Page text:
On to some more basic maneuvers I do a couple of steep turns, a 360 degree turn at a 45 degree bank. You pretty much stay in place and rotate around your wingtip in the direction of the turn. All this takes on a whole new feeling at night with your lack of depth perception and reliance on your greater reliance on instruments. Finally its back to the airport to practice night landings.
Flying around the airport pattern at night is hard to describe, as well as is finding the airport at times! One would think with all the lights it would stand out but when it is next to the city all those lights blend together. Once back at the airport I entered the pattern and flew parallel to runway 34. Then we did 7 landings, stopping completely on the runway before taking off again. This is normally only done at night since night currency regulations require all landings to be to a full stop.
Again you have to rely much more heavily on your instruments at night than during the daytime. The first time I took off and made my turnout I completely lost my perception for where the runway was and had a hard time finding it! NOT GOOD… but normal for a 1st timer. By the time I reoriented myself I was too close to the runway and low which messes up your entire pattern landing process. I corrected and got myself squared away on the next few landings but constantly had to fight to work towards my turns being 90 degrees and keeping my speed correct.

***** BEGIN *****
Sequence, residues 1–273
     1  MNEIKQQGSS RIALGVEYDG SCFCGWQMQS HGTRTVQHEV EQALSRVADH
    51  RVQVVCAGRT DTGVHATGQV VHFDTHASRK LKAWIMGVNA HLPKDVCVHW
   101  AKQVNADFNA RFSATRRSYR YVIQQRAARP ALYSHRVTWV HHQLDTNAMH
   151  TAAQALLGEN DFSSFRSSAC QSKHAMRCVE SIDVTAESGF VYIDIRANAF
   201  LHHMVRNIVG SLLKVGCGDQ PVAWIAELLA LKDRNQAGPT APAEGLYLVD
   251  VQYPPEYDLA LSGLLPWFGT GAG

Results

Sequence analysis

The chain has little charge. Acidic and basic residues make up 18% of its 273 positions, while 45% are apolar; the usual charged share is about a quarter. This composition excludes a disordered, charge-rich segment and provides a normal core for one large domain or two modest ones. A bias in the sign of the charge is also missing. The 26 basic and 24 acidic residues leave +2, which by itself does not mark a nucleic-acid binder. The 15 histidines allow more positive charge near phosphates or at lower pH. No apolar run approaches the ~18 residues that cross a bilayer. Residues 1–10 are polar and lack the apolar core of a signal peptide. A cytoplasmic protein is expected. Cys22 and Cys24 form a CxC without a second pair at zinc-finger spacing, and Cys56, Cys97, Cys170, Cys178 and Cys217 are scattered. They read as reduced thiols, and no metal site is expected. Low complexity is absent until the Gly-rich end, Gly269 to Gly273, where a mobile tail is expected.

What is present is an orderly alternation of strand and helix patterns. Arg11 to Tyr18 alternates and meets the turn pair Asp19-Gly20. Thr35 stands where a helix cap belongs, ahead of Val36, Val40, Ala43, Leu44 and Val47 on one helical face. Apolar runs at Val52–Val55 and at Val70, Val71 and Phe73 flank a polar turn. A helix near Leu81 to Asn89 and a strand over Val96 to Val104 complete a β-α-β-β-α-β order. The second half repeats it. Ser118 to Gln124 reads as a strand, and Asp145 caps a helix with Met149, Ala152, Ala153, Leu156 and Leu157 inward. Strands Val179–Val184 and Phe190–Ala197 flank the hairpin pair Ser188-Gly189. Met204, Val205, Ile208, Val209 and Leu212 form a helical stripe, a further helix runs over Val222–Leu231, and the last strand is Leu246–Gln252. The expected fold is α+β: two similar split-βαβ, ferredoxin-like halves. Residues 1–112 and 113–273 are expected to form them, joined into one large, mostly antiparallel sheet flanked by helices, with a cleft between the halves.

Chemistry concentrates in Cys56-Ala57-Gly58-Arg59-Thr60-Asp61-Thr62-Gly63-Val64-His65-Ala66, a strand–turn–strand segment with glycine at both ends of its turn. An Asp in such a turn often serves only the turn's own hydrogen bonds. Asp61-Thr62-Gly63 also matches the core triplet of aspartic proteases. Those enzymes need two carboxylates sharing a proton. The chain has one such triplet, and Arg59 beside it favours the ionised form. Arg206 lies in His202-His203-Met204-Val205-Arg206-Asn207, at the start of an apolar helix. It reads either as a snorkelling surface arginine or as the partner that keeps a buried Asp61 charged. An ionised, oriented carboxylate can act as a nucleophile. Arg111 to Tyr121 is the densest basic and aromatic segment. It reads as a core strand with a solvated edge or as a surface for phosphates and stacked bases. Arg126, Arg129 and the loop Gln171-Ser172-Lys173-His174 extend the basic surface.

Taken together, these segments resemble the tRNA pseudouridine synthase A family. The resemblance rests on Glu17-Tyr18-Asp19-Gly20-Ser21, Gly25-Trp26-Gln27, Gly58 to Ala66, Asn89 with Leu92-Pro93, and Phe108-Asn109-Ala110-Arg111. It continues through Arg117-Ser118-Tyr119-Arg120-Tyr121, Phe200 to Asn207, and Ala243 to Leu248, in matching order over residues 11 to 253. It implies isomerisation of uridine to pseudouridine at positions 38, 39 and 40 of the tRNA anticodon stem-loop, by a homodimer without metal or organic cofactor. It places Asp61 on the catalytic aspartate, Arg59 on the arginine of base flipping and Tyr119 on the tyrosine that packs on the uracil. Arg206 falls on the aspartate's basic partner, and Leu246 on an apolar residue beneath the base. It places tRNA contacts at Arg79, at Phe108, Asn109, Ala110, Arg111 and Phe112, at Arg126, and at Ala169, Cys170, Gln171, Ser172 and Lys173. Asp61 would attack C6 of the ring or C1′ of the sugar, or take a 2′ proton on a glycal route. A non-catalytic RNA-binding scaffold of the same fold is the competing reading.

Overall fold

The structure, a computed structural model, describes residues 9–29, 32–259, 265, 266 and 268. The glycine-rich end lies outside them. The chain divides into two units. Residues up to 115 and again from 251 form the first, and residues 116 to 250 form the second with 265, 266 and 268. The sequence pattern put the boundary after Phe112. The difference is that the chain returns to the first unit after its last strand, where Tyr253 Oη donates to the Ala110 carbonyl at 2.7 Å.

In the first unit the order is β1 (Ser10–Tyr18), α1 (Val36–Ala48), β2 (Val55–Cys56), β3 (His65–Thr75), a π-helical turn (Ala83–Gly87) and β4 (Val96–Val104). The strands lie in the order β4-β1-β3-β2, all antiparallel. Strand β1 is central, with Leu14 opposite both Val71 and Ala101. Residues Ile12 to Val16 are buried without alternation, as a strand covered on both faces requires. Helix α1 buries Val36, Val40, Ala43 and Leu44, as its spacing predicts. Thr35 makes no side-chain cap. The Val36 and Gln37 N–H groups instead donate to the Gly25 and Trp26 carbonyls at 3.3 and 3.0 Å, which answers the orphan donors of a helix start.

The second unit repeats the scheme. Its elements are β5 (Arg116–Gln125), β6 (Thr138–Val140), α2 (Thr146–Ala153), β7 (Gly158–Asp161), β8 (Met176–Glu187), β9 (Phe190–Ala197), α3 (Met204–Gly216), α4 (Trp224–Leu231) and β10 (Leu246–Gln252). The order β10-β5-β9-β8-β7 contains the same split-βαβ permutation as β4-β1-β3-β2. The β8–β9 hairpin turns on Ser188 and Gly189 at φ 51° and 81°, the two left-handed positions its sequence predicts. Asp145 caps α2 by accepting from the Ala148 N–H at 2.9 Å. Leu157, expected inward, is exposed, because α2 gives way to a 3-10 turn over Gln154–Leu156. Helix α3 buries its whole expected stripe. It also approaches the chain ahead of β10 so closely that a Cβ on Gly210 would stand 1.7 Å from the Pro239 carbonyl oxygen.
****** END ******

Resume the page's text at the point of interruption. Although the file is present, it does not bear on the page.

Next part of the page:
Some small airport’s lights do not stay on all night, some have low/med/high intensity settings. You turn the lights on and adjust the intensity by tuning to a specified radio frequency and clicking the mike a certain number of times. So at 10 miles out you turn them on and they stay on until a timer turns them off. It’s a good idea to adjust the intensity before final approach to make sure the timer doesn’t shut them off just before you get to the runway! On one trip around the pattern my CFI pulled one of their dirty little tricks and turned the lights to low intensity. He asked me if I saw the airport saying some airports only have low intensity lights. I had a really hard time making out the airport even though I was looking right at it 1/4 mile in front of me. He said tell me when you think your lined up with the runway….. I did… nope that’s a taxiway! It is entirely possible to miss the airport or land on a taxiway. Extreme caution and diligence is required for night flying!
I constantly found myself to slow, which can dangerous it you fail to correct it, and the lack of depth perception makes short final just before you get over the runway really challenging. By the last few landings I was starting to get a feel for it. You have to learn to read the visual ques differently at night so you don’t overshoot, come in to high, or dive into the ground just before the runway. Slowly it stated to come together.
I need a minimum of 3 hours of night flight with 10 takeoff/landings to a full stop. Next night flight will be a cross-country to fulfill the remaining time and landing requirements.